How to Create a Private Outdoor Living Space - Tiny House Blog

How to Create a Private Outdoor Living Space

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Tiny homes usually come with equally tiny outdoor spaces. Depending on how you look at it, this can be a great thing — smaller spaces are easier to maintain, and you can make them look spectacular with just a few changes.

However, many outdoor spaces are simply not as private as you might like. It’s hard to feel comfortable sunbathing or reading outdoors when you can see your neighbors peering into your space, or when pedestrians and traffic can see directly into your garden.

But, with a little bit of creativity and some strategic landscaping, you can create a delightful, private outdoor living space for your tiny home.

Find Inspiration

Discovering other people’s designs is one of the best parts of gardening and landscaping. You can spend hours on Pinterest, or can even find shows on PBS and Netflix that are targeted towards tiny homeowners with limited outdoor space.

For example, if you have balcony space that’s looking a little drab, then you can draw inspiration from beautiful balconies that make maximum use of sails, couches, potted plants, and cushions. These features help you make a small outdoor living space feel like an extension of your home, while you still get to enjoy the outdoors.

Alternatively, if you have a garden, then you can watch a show like Big Dreams, Small Spaces, which is currently airing for free on Amazon. By watching gardening shows designed specifically for small gardens, you’ll learn all kinds of tips and tricks to ensure that you make the most of your small outdoor area, and will understand the importance of scale and landscaping.

Landscaping

You might not think that you have the time, space, or energy to start a landscaping project — but even small changes can make a big difference. In particular, you can consider privacy landscaping projects like planting hedging and trees. Or, you can stick to more simple options like bamboo or even potted plants that will act as a green shield for your private space.

However, before you start digging trenches for hedges or planting trees, you need to consider how your privacy landscaping project will affect everything inside of it. For example, a large tree is likely to block out the sun for at least a few hours every day, and hedges will need semi-regular maintenance to look good.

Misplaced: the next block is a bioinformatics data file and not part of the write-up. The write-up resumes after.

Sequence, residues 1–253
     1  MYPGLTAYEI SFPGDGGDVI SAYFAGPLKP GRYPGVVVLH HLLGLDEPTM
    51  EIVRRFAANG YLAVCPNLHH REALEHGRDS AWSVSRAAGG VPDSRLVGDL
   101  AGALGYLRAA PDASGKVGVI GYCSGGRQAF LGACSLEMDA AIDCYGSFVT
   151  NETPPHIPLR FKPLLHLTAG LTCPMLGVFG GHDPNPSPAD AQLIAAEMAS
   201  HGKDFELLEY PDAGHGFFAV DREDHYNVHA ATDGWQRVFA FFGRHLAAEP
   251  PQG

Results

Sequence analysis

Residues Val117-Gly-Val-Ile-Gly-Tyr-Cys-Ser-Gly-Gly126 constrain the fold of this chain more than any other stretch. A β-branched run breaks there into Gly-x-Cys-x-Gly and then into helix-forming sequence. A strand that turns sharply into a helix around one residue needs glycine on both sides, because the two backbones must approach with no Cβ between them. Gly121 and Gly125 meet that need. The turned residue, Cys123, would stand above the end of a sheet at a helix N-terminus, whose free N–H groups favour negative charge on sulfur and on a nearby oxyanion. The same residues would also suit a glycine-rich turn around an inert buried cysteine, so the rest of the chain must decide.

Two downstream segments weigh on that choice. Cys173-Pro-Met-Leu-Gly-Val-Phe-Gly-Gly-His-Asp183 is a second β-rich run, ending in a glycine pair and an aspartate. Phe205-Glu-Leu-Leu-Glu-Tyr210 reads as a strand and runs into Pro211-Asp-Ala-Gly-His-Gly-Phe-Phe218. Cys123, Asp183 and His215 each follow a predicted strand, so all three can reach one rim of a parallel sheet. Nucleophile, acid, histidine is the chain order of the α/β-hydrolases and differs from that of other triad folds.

So, before you commit to anything, spend some time in your garden and even map out the space as it will look with your new landscaping features. This will help you identify any issues before it’s too late.

Fencing and Alternatives

Sometimes you just need a good old-fashioned fence to keep prying eyes out from your outdoor living space — and that’s ok. Fences can look great if they are well built, and provide a structure to your garden that can help guide your future projects. They also need far less maintenance than natural landscaping projects and give you an area to do trellis work or to plant climbers.

There are plenty of alternatives to fencing for you to explore. If, for example, you don’t mind an open plan garden, but you want to keep animals out (or in!), then an electric fence with a small amperage works brilliantly. You can even run it along the back of your hedging, or across the small areas where you suspect animals may wander.

Allotments and Community Gardens

Allotments don’t give you access to a private space, but they do allow you to relocate space-intensive gardening projects like flower beds, vegetable patches, and fruit trees. This means that you can dedicate more of your outdoor space to relaxation and leisure, while you still grow sustainable produce in a different site away from your tiny home.

Allotments can be hard to come by depending on where you live. But, you should be able to get in touch with local community organizers who have an ear to the ground and can help you find an open patch. You’ll also want to keep an eye out for “community gardens” — these are the same as allotments, just by a different name.

Remember, too, that you can bring what you grow in your allotment home with you. This allows you to hand choose the flowers that look best and are in full bloom all year round, while most gardeners are stuck looking at shoots and dead petals.

Conclusion

Private outdoor spaces add so much to your tiny home. When they’re done right, you can relax in comfort, and feel as though you’re able to get away from the world — even if you’re only a few feet from your work desk.

So, it’s worth investing some time and money into landscaping like potted plants or even hedges. You can also consider expanding your gardening endeavors into a local allotment or community garden — this allows you to grow all the fruit, veg, and flowers you want without taking up precious space meant for rest and relaxation.

Photo credit: Unsplash

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